Every sprayer operator has the ability to mitigate sprayer drift.
The first and easiest thing an operator can do is change their droplet size. “It’s simple physics,” says Ontario Ministry of Agriculture, Food and Rural Affairs application technology specialist Jason Deveau. “When you go to a larger droplet, it’s more likely to continue to travel on the path you set it on, and less likely to be blown off course, or to evaporate to a point where it drifts away.”
Using larger droplets is the first management recommendation on Deveau’s drift mitigation tip list. That’s followed by boom height. “The longer a droplet is in the air between where you made it and where you want it to go, the more things can go wrong.” he says.
Deveau notes that a 150-micron droplet released from three feet in a seven mile-an-hour wind can potentially travel 16 feet downwind. “If you just drop the boom to two feet, instead of three, you cut that by more than half — it’s only six feet.”
Things get even better when operators increase droplet size. At a two-foot boom height using 300-micron droplets “it might drift half a foot,” Deveau adds.
In this video, recorded at Southwest Crop Diagnostic Days at the University of Guelph’s Ridgetown campus, Deveau discusses the potential impact drift agents can have on reducing drift. He also stresses the importance of “situational awareness” and the need for sprayer operators to understand the environmental conditions in which they are spraying, the field location and surrounding crops. (more below)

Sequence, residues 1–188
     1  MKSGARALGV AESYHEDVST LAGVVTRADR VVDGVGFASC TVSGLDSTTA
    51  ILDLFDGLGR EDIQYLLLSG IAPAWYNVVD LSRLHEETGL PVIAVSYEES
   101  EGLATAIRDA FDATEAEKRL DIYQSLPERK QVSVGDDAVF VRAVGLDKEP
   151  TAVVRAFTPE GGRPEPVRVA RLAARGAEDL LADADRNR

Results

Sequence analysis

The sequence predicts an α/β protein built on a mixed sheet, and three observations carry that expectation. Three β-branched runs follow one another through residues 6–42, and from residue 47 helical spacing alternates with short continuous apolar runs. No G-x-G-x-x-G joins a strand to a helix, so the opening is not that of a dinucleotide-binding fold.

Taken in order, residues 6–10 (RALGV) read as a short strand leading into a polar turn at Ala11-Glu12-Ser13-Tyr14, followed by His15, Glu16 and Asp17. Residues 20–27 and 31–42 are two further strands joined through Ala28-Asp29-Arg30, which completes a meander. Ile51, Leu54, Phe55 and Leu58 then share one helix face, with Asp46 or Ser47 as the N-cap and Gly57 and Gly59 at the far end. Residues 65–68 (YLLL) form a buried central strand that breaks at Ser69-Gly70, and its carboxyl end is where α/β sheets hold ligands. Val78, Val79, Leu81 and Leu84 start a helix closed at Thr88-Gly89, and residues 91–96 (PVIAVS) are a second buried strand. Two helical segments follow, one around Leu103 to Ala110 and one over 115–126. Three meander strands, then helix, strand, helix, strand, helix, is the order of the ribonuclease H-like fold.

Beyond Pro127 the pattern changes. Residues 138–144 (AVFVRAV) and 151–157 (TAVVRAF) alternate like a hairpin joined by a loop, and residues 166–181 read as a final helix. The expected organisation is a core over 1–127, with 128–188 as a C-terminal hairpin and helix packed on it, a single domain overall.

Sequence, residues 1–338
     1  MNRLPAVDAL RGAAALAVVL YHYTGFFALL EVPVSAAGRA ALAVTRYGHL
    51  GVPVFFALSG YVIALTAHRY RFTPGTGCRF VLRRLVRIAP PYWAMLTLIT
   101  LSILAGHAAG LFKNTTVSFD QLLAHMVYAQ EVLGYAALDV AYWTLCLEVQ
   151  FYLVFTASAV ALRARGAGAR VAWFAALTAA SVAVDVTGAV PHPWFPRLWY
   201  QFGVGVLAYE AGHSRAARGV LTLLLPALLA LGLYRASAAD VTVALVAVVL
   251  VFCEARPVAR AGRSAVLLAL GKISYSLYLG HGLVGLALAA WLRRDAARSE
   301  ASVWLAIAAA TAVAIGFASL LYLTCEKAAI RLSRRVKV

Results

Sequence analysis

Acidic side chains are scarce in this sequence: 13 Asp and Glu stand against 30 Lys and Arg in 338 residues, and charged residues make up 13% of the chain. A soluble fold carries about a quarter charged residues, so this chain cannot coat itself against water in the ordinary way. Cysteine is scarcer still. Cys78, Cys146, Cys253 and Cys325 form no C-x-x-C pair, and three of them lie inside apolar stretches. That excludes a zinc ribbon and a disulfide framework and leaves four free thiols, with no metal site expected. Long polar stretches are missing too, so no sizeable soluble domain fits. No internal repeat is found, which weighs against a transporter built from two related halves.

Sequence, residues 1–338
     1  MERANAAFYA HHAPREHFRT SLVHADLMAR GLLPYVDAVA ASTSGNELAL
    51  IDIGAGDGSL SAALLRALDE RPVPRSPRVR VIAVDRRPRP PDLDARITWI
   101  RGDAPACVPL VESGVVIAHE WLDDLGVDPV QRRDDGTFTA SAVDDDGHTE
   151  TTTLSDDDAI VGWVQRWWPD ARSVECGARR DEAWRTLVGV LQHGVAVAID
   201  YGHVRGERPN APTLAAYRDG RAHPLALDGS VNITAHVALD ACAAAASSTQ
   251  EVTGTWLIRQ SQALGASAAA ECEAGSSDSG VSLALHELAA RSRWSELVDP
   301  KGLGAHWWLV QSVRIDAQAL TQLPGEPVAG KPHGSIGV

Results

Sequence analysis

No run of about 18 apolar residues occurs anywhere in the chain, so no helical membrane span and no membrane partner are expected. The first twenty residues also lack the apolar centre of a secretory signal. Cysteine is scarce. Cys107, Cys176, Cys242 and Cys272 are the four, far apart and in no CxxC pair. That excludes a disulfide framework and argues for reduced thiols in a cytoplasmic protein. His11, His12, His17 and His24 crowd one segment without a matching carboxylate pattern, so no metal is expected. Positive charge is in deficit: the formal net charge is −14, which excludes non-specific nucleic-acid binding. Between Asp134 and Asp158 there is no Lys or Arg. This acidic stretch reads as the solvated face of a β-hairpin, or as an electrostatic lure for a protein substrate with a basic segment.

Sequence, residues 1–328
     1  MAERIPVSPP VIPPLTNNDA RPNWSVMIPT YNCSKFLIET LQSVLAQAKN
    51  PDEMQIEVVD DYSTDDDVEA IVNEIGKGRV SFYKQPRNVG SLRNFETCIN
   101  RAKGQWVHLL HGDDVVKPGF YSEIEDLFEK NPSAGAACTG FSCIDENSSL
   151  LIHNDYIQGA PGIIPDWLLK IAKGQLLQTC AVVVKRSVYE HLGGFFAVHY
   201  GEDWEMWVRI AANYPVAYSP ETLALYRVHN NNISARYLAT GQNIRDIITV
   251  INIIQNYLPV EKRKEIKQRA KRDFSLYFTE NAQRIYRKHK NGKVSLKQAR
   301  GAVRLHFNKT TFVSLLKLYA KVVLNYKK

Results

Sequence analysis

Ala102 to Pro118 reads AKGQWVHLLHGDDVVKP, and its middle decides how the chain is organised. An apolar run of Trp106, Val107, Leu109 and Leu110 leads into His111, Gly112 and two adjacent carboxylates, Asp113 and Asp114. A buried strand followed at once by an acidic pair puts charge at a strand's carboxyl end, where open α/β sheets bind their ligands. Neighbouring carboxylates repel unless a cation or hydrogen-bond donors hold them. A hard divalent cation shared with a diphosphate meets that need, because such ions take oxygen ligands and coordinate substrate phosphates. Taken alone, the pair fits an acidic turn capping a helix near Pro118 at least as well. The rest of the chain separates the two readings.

“Once you gauge what the environment is, and understand what it can do to a droplet and what could happen if things really go sideways, then you can make the decision about how much you want to invest in mitigation,” says Deveau.
“Before you invest that time or that energy or maybe the additional water and time, you want to balance the pros and the cons — that’s situational awareness.”